Every year the British Art Medal Society (BAMS) holds a weekend congress or study day. Normally this means that those of us who just collect, get to explore the various techniques that are needed to produce the objects we covet. These have included over the years such elements as design, engraving, working in intaglio, casting and patinating.
This year we were in Brighton (12-14 April) and on Saturday afternoon descended upon the Brighthelm Community Centre. Normally the nursery occupied the space but we, like kids, played all afternoon in the workshop run by medallist Natasha Ratcliffe. We were given a piece of cuttlefish bone, sliced in two with a channel to pour metal. Cuttlefish bone has been used for centuries (documented since 8th century at least) to make jewellery and other small metal objects. It has a lovely wavy texture which translates to the finished medal. We used pencils, nails and other engraving tools to doodle/ seriously make our designs. The moulds were taped together and then given to Natasha for the casting.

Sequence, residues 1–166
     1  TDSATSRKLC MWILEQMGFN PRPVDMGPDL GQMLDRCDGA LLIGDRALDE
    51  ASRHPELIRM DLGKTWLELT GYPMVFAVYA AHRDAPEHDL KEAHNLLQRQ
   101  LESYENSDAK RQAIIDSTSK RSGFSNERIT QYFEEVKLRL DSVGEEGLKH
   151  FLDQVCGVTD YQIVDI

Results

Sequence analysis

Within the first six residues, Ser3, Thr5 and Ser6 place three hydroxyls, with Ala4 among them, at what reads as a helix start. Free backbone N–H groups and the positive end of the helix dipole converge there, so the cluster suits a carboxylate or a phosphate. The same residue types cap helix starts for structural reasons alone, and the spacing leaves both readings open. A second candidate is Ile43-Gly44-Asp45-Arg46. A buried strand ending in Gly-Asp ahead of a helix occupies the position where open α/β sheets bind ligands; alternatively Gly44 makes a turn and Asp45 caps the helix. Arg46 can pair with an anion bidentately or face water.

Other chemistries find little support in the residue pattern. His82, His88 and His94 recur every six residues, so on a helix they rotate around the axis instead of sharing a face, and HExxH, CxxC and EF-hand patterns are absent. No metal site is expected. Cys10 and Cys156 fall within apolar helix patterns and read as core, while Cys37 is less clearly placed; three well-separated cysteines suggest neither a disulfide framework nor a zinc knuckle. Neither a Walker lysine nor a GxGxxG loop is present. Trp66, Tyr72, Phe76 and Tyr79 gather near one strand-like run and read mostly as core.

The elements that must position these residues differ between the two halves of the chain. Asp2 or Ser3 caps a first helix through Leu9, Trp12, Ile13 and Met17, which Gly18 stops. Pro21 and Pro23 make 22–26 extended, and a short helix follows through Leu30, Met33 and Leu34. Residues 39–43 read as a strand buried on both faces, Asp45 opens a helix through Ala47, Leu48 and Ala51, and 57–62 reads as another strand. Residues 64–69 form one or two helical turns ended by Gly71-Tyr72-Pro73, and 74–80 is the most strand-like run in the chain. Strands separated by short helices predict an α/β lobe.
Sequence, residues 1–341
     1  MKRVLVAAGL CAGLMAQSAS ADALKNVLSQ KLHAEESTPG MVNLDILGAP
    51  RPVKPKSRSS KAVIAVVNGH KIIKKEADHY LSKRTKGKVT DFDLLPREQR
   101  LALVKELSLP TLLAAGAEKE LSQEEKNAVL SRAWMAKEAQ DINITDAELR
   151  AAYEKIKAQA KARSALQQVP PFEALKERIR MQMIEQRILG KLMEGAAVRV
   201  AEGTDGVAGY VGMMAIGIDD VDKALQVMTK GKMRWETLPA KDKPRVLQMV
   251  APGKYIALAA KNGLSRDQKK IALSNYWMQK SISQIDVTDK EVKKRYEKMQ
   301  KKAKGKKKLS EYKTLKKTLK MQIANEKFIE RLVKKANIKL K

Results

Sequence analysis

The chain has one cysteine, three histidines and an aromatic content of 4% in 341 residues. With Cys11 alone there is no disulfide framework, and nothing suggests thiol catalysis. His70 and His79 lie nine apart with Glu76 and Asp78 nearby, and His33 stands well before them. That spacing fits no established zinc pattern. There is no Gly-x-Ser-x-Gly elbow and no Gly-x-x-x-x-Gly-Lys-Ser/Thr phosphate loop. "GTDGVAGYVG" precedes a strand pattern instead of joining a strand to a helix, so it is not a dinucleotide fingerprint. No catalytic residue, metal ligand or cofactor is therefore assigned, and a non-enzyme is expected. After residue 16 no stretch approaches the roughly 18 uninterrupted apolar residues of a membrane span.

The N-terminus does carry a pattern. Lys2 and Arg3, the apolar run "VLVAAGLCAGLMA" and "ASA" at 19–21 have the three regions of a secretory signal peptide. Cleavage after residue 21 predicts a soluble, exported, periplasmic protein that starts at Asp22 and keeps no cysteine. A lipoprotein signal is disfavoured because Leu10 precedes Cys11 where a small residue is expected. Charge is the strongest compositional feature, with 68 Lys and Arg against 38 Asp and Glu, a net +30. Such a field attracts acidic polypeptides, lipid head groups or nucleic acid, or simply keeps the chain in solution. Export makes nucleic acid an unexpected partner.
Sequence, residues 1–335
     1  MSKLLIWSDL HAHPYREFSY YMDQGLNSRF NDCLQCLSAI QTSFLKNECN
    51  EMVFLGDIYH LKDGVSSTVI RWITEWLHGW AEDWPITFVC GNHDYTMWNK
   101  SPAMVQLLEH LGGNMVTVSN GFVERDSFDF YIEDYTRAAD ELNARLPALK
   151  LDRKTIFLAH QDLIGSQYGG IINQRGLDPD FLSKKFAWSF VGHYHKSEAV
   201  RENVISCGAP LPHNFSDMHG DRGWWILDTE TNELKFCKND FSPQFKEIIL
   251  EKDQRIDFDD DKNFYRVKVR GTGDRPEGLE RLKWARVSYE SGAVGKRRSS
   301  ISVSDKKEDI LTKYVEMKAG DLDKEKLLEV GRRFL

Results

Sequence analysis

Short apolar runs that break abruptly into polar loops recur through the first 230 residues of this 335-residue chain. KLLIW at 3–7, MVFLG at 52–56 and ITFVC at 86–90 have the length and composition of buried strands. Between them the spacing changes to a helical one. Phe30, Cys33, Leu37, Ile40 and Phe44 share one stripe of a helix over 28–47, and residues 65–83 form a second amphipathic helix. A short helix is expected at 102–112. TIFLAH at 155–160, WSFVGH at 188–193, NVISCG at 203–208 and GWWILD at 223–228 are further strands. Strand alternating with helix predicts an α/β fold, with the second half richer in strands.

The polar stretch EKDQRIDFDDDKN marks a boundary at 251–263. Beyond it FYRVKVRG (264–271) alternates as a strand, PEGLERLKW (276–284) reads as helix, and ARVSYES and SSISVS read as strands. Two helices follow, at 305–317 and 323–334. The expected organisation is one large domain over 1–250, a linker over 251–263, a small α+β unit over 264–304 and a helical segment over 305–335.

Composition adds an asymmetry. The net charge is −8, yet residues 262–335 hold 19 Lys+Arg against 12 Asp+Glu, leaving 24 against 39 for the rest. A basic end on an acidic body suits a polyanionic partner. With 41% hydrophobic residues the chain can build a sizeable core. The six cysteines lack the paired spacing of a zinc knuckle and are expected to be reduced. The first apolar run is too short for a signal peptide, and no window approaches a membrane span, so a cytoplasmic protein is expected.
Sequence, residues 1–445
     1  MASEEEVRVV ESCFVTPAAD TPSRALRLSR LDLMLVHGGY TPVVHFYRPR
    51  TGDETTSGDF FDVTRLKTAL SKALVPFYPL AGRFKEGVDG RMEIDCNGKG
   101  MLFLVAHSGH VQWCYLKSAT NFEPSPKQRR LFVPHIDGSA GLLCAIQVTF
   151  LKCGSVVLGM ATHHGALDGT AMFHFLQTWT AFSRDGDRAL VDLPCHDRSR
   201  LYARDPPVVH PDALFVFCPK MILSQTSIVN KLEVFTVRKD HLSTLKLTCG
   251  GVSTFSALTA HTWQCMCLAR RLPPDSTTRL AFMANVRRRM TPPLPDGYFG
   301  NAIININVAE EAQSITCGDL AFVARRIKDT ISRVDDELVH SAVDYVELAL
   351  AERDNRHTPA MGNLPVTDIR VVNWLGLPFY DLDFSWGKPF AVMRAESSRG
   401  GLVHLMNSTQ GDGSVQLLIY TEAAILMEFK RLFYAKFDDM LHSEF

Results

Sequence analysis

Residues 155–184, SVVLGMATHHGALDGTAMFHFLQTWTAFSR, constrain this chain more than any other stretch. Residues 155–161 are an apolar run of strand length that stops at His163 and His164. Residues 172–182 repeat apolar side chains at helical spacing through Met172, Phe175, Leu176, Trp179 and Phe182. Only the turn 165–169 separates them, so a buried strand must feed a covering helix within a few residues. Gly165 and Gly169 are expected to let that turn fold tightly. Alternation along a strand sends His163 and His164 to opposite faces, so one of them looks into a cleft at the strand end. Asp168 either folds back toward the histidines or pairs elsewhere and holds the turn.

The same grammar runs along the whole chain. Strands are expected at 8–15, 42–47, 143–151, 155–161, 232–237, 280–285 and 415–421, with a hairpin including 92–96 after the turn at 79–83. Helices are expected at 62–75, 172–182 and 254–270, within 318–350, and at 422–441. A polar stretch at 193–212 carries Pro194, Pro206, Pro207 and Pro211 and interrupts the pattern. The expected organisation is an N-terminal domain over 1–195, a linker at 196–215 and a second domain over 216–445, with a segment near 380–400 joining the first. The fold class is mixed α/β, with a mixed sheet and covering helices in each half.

Due to health and safety regulations, Natasha shut herself away from the rest of us, heated up some low melt metal and poured it oh-so-carefully into the moulds. The metal cooled rapidly so we were soon able to see the results. Howard had fashioned an H F monogram on one side of his medal and a spiral on the other. The sprue formed from the metal pour was clipped off but the result is as you see in the photos here. A lovely memento from a good workshop – great fun! And not so easy to accomplish. Once again, my respect for sculptors and medallists is renewed.